Margaret 2. Photo
Rudina

Rudina

Margaret Brown: “I Will Continue to Support LSIA for As Long As I Can”

By Rudina Hoxha

Margaret Brown, a beloved teacher of English language from Scotland, admires the Language Schools in Albania (LSIA), its mission and its expansion.

She contributed to it in the past and will continue to do so until the end. She loved the Albanian students and their thirst for knowledge to learn another language. She has visited Albania often and every time, she has found an unseen warmth and hospitality.

“I have always supported LSIA in any way I could. I admire the way it was set up and how it continues to expand. Teachers and Administration Staff are very dedicated and I will continue to support LSIA for as long as I can,” she said in an exclusive interview from Scotland.

Talking about LSIA and Albanian students bring memories to her. “Working with Albanian students was a joy and a pleasure. They were there because they wanted to be, not because they had to. I had never experienced this thirst for knowledge of another language before.”

Brown is another great teacher. She has and continues to go beyond what she is employed to do. The LSIA can’t wait to welcome her again in Albania…

Hi Margaret! How is your life going on in Scotland? How has the lockdown period been for you?

Lockdown has been a bit strange. Most of the time, it is OK but I miss meeting my family and friends. Have spent a lot of time in the garden and do voluntary work on a helpline to deliver food parcels to those who can’t get out shopping or don’t have enough money.

Please, what do you think of when you hear or read about Albania?

When I think about Albania, the most important thing that comes through is the warmth and hospitality. I have made so many friends who I am still in touch with through Facebook. I have been back many times and the welcome is always the same. I also remember it was very hot in summer and very cold in winter!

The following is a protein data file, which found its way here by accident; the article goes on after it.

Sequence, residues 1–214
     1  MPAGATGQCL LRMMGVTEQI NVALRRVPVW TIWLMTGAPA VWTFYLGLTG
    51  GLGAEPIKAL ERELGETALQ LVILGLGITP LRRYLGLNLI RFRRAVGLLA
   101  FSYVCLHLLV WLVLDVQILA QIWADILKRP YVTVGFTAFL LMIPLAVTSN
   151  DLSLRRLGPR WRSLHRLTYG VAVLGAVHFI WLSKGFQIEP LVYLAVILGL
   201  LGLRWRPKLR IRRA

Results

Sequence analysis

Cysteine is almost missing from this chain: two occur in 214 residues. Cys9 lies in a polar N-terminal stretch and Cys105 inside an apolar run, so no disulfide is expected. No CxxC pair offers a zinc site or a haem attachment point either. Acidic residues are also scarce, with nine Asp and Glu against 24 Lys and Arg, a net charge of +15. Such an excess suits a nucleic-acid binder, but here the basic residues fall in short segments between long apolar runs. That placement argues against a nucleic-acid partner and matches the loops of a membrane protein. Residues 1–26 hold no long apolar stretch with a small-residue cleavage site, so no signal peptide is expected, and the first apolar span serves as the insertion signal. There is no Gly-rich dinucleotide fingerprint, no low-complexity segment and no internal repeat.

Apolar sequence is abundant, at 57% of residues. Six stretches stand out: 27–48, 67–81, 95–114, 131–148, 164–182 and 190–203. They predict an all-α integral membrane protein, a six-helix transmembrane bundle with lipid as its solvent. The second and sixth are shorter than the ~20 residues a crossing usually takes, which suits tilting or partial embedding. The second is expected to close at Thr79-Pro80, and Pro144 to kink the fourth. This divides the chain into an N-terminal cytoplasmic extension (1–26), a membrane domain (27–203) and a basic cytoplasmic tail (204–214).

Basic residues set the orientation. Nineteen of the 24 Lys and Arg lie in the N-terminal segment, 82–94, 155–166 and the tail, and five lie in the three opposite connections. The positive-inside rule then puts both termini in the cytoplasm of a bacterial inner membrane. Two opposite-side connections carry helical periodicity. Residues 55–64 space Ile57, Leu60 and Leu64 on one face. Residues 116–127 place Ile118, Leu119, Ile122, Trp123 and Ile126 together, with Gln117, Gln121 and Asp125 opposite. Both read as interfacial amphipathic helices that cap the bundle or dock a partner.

Why did you choose the profession of teaching? Can you describe yourself in this position?

I didn’t train as a teacher but as a Community Education Worker which included Adult Education. As part of my job, I did a course about teaching English to speakers of other languages and also basic literacy and numeracy for those who had missed out on school for various reasons. I loved this part of my job, particularly working with adults. Seeing them gain confidence and move on to college/university or work was very rewarding.

You said that it has been a long time since you worked with LSIA. What has been your involvement with LSIA and what memories do you cherish from this experience? Will you intend to keep contributing to LSIA?

I have always supported LSIA in any way I could. I admire the way it was set up and how it continues to expand. Teachers and Administration Staff are very dedicated and I will continue to support LSIA for as long as I can.

Can you describe your experiences working with Albanian students? Who are some of the students you still remember and with whom you are still in contact?

Working with Albanian students was a joy and a pleasure. They were there because they wanted to be, not because they had to. I had never experienced this thirst for knowledge of another language before. I must admit I preferred working with the older students. I found my lack of the Albanian language was a bit of a drawback when working with the younger students.

In your view, what are some of the qualities great teachers share?

Great teachers share a dedication to the job they do. They are willing to go beyond what they are employed to do. They care about their students and always promote the work that they do. Empathy and encouragement are both great assets.

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